Why We Still Chase the Teenage Thrill of an ‘Illicit’ Book

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The Virgin Suicides, film still
The Virgin Suicides, 1999(Film still)

AnOthermag.com’s book columnist, Ana Kinsella, on why the ‘not age-appropriate’ books we’re steered away from as teenagers are still the juiciest reads

If you, like me, were once a teenager who read a lot, you’ll understand the kind of book I’m about to talk about. It’s what some wary parents might call ‘not age-appropriate’. It’s definitely got some sex scenes. Probably some drugs, too. Maybe a breakdown. Its publication might have caused a controversy in the press. And by the time it got to your group of friends, it has itself quite the reputation.

At school my friends and I loved these books. They got passed around our group like contraband cigarettes. It was a thrill to be handed the book at the back of a classroom one day, and then each following lunchtime report on where you’d gotten to. It wasn’t, I should say, that the books were titillating for us. It wasn’t about the explicit scenes or graphic details of sex, drugs and misery. (For one thing, I think teenagers are probably bombarded with enough of that outside of books.) It was something beyond all that that made us feel like a part of a different world. 

There was White Oleander by Janet Fitch, an Oprah Book Club-certified page turner about a young girl whose artist mother goes to jail for murder, leaving her daughter in the foster care system in Los Angeles. It was – how should I put this? – an absolute smash hit for our group of friends. It did have some dirty bits, which we poured over not as a source of titillation but as something to discuss between us – was the sex on page 344 consensual, or not? And why did the character make the decisions she made in Chapter 14? It made me feel like I had tapped into a complicated world beyond my own boring routine where even small decisions carried weight. I probably reread it four times.

“TV and movies and music and celebrity magazines gave us skewed depictions of sex and excess, and books allowed us to situate these things in real terms. They felt illicit, sure, but they also felt revelatory”

There was A Million Little Pieces by James Frey, a harrowing drug memoir later found to be fabricated, which set off my passion for the down-and-out addiction memoir. Donna Tartt’s The Secret History is a campus novel that descends literally into bacchanal, and reading it set my own expectations for the university experience unforgivably high. The Virgin Suicides showed me a glimpse into a dangerous realm of girlhood, and gave me an early taste of the deafening power of the male gaze. If you were boringly well behaved (not entirely unlike teenage me), books like these could have felt like cautionary tales: stories that show you where the lines are and what actually happens if you stray outside them. But I think we used to read them to gain access to some new level of knowledge. TV and movies and music and celebrity magazines gave us skewed depictions of sex and excess, and books allowed us to situate these things in real terms. They felt illicit, sure, but they also felt revelatory.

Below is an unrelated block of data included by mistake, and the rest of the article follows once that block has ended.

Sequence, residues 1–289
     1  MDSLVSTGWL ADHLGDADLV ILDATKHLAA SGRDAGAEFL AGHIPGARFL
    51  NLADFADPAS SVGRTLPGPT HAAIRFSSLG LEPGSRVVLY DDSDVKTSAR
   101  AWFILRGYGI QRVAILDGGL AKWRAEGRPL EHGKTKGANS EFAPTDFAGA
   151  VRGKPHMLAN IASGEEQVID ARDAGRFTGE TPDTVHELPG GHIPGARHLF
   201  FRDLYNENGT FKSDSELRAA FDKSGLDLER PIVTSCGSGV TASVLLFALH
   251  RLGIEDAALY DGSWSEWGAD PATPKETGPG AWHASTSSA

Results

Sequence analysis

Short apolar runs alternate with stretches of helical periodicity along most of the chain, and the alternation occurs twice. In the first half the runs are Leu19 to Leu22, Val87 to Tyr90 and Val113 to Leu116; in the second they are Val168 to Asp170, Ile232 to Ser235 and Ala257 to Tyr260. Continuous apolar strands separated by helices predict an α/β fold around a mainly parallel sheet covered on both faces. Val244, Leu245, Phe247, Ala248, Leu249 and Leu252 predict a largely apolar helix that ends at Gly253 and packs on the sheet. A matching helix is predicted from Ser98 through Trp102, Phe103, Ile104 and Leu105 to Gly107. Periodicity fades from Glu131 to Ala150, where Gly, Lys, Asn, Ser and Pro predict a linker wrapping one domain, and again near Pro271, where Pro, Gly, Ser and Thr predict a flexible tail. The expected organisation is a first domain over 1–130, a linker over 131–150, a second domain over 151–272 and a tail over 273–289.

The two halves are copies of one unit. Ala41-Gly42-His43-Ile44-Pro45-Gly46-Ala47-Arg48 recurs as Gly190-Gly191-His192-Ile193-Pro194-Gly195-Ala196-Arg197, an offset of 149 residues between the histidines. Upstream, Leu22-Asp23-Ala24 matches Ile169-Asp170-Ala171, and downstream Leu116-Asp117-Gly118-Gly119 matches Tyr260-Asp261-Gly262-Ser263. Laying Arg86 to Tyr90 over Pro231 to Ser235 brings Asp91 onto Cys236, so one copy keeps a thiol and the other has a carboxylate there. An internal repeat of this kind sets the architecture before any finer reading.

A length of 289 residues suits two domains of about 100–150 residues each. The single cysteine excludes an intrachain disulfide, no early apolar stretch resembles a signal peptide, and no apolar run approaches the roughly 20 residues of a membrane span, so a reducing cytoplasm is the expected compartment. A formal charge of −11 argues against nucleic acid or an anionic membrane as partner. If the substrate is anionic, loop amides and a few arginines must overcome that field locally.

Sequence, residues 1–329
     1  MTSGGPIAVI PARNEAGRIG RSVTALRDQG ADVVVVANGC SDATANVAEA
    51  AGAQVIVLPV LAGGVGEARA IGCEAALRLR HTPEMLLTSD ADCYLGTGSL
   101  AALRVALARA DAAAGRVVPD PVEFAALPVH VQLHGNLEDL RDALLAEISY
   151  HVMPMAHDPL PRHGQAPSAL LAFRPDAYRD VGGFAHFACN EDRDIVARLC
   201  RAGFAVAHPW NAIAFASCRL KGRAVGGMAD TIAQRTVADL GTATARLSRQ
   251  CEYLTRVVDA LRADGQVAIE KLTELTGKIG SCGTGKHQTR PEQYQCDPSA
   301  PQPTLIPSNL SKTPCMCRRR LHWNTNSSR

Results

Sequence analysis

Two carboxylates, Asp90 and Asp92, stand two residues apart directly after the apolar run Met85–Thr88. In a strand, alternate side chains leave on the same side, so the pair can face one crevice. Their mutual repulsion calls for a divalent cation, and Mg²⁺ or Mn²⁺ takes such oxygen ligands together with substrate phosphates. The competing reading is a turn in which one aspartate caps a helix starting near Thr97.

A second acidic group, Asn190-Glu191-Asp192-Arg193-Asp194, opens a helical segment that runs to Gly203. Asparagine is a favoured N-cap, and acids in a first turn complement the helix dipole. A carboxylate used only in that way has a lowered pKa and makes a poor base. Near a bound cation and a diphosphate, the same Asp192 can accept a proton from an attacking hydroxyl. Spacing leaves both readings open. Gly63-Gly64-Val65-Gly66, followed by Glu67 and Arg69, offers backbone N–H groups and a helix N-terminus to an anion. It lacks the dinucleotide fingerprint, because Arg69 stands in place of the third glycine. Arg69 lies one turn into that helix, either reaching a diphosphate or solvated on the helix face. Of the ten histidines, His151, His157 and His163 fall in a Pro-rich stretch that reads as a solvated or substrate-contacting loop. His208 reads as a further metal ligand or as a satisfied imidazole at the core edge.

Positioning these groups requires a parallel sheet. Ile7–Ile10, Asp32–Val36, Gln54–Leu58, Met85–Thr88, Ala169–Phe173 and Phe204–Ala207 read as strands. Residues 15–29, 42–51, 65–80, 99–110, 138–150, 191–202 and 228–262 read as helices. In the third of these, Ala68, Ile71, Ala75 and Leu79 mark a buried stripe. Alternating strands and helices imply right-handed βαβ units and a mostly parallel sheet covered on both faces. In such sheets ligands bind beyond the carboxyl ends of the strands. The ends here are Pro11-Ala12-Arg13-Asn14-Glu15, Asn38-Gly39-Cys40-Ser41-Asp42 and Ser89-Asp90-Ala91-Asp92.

Later I would graduate onto the harder stuff, but found the big male blockbusters, the likes of American Psycho and Junky and Lolita, lacking. They felt like narratives that were crafted from violence and sex for the sake of it, rather than to tell us some grand truth of life itself. And of course, it’s hard to relate to a female character whose only role in a story is to be murdered or discarded. 

Years later, I’m still looking for the thrill of the illicit book – something so riveting it feels wrong. Sometimes they can feel few and far between, like the publishing industry is more interested in playing it safe. Often when they arrive, these books bring with them moral outrage, newspaper columns and tweets about their content that seem to miss the point. The point is never just the sex or the violence. It isn’t what those things say about society. It might be more about how reading those things can make us really feel about ourselves and our own lives.

Recently the book that hit the thrilling sweet spot was the forthcoming Three Women by Lisa Taddeo, a stunning work of non-fiction born from eight years of serious reporting. It follows the sexual lives of three separate women in America. All of life is in this book: small cruelties and big injustices, heartbreak and triumph and loneliness and pain and joy. Reading it I felt a deep yearning to pick up the phone and text my school friends to see what page they were on, and when I finished it, I wanted a debrief session with every female reader I knew, so we could dissect it at the length it deserves. It wasn’t the sex on the page that gripped me, but the intimacy, the honesty and the pain that can accompany those things, in text as in reality. To see life’s most complicated aspects rendered so clearly in prose is to feel, in a way, less alone.

Three novels that feel like contraband

Veronica by Mary Gaitskill – female friendship after the glitter fades for a former model and her friend Veronica, an older woman who lives with Aids. The glamour of 1980s New York gives way to something sadder and maybe more serious. 

In the Cut by Susanna Moore – a dark and disturbing erotic thriller about Frannie, who lives alone in Greenwich Village while a serial killer prowls through the city.

Drinking: A Love Story by Caroline Knapp – an alcoholism memoir, yes, but one that dazzles with its descriptions of the author’s inner life and the allure that drink held for her over 20 years.